Results from tensile-shear testing and peel testing of the braze material SG-CuSi
3
(Figure 4-
128) show that the brazed joint strength for SG-CuSi
3
is somewhat lower than the BM, except for DP
340/600 in tensile peel condition.


Figure 4-127: Fillet and flare V-bevel
groove joint designs for laser brazing
applications




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Figure 4-128: Tensile-shear (fillet weld on lap joint) and tensile peel tests (flange weld) for
the braze material SG-CuSi
3
of DP 340/600 (1.0 mm), TRIP 400/700 (1.0 mm),
and CP 680/800 (1.5 mm) (shielding gas: Ar.
T-3
)

4.O. Adhesive Bonding

4.O.1. Fundamentals and Principles of Adhesive Bonding

Adhesive bonding is a joining process for metals and non-metals that uses and adhesive or glue,
typically in the form of a liquid or a paste. It offers the major advantage of being able to join a wide
array of materials, but is limited by joint strength and applicable service conditions. Many of the
fundamentals are similar to brazing and soldering, in particular the need for wetting and capillary
action, and overlapping joint designs that rely on joint area for strength. Adhesives are categorized
as thermosetting or thermoplastic. Thermosetting adhesives require a chemical reaction to cure
and cannot be remelted once cured. They are the most common adhesives for structural
applications. Thermoplastic adhesives soften when heated and harden when cooled, a process that
can be continually repeated. They are generally not used for structural applications because of
their poor mechanical properties (in particular, creep) and decomposition that can occur at relatively
low temperatures.

Surface preparation is usually a very important and time-consuming step prior to applying the
adhesive, and typically includes cleaning and deoxidizing procedures. Further steps may be
taken such as the application of a coating. Adhesives may be applied a variety of ways,
including caulking and spray guns, dipping, rollers, and brushes. Curing may be accelerated by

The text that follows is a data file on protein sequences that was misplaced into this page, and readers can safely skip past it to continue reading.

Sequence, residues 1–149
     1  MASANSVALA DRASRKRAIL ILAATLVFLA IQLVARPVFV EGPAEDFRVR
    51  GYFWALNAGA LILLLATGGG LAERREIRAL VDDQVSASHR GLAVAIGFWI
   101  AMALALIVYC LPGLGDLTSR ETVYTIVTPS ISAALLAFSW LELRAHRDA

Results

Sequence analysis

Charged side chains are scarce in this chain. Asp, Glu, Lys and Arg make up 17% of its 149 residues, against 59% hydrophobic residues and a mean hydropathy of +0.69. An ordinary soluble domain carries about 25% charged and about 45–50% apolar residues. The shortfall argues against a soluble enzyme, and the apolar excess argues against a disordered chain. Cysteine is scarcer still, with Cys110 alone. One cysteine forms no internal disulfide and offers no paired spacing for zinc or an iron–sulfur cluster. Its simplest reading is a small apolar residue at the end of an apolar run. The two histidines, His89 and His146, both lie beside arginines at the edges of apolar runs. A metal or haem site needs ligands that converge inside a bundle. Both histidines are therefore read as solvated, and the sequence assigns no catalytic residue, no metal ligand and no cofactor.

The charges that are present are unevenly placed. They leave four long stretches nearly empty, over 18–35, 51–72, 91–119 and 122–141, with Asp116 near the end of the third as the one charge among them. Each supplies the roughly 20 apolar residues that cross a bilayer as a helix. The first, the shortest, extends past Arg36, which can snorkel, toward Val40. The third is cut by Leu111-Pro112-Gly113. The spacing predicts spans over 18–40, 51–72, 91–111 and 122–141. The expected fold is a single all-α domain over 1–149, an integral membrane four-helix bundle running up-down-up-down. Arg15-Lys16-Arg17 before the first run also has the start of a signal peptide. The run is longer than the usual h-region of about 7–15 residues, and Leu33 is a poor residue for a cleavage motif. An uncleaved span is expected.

heating or some other energy source. In addition to joining, adhesives may be used for many other
reasons including sealing, electrical insulation, and sound suppression. Some of the larger users of
adhesive bonding include the automotive, appliance, and electrical/electronics industry sectors.

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4.O.2. Adhesive Bonding Procedures

The bond strength of an adhesive is constant, and in design applications, is proportional to the area
covered by the adhesive. The adhesive joint strength will be unchanged and analysis of the joint
should be comprehensive. In general, the use of AHSS with high-strength structural adhesives will
result in higher bond strength than for mild steel if the same sheet thickness is applied (Figure 4-
129). Reduction of sheet thickness will decrease the strength because more peel load will occur.
The true mechanical load in the component part must be considered. If higher joint strengths are
needed, the overlapped area may be enlarged. Adhesives with even higher strength are under
development.

Figure 4-129: Effect of material strength on bond strength (W is the integral of the
force/elongationcurve.
B-2
)

J oining of AHSS with adhesive bonding is a good method to improve stiffness and fatigue
strength in comparison to other joining methods (spot welding, mechanical joining, arc welding, and
laser welding). Due to the larger bonding area with adhesive bonding, the local stresses can be
reduced and therefore the fatigue strength is increased. These improvements in stiffness and fatigue
strength are important factors to consider at the design stage, especially in those cases when
AHSS is used to decrease the weight of a component.

4.P. Mechanical Joining

Examples of mechanical joining in automotive manufacturing are clinching and self-piercing riveting.
The process steps and typical equipment for both processes are shown in Figure 4-130. A simple
round punch presses the materials to be joined into the die cavity. As the force continues to
increase, the punch side material is forced to spread outward within the die side material.

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Figure 4-130: Process steps and equipment for mechanical joining in automotive industries

This creates an aesthetically round button, which joins cleanly without any burrs or sharp edges that
can corrode. Even with galvanized or aluminized sheet metals, the anti-corrosive properties remain
intact as the protective layer flows with the material. Table 4-9 shows characteristics of different
mechanical joining methods.

Table 4-9: Characteristics of mechanical joining systems


N-1


Joining System
Clinching
Without
Cutting

Spot
Welding
Self-
Piercing
Rivet
Corrosion/rust with coated material None Yes Yes
Dynamic strength Good Lower Lower
Static strength
(a) Shear tension
(b) Cross tension

Good

Very good

Very good
Process in combination with adhesives Good Good Possible
Required additional parts Punch +Die Electrodes Rivets
Additional working cycles None None
Drilling
Feeding
Costs per joint Low High Very high
Energy expenditure Low High High
Investment expenditure Low High High
Environment friendliness at the workpiece Very good Poor, fumes Good
Complexity of operation Very simple Simple Poor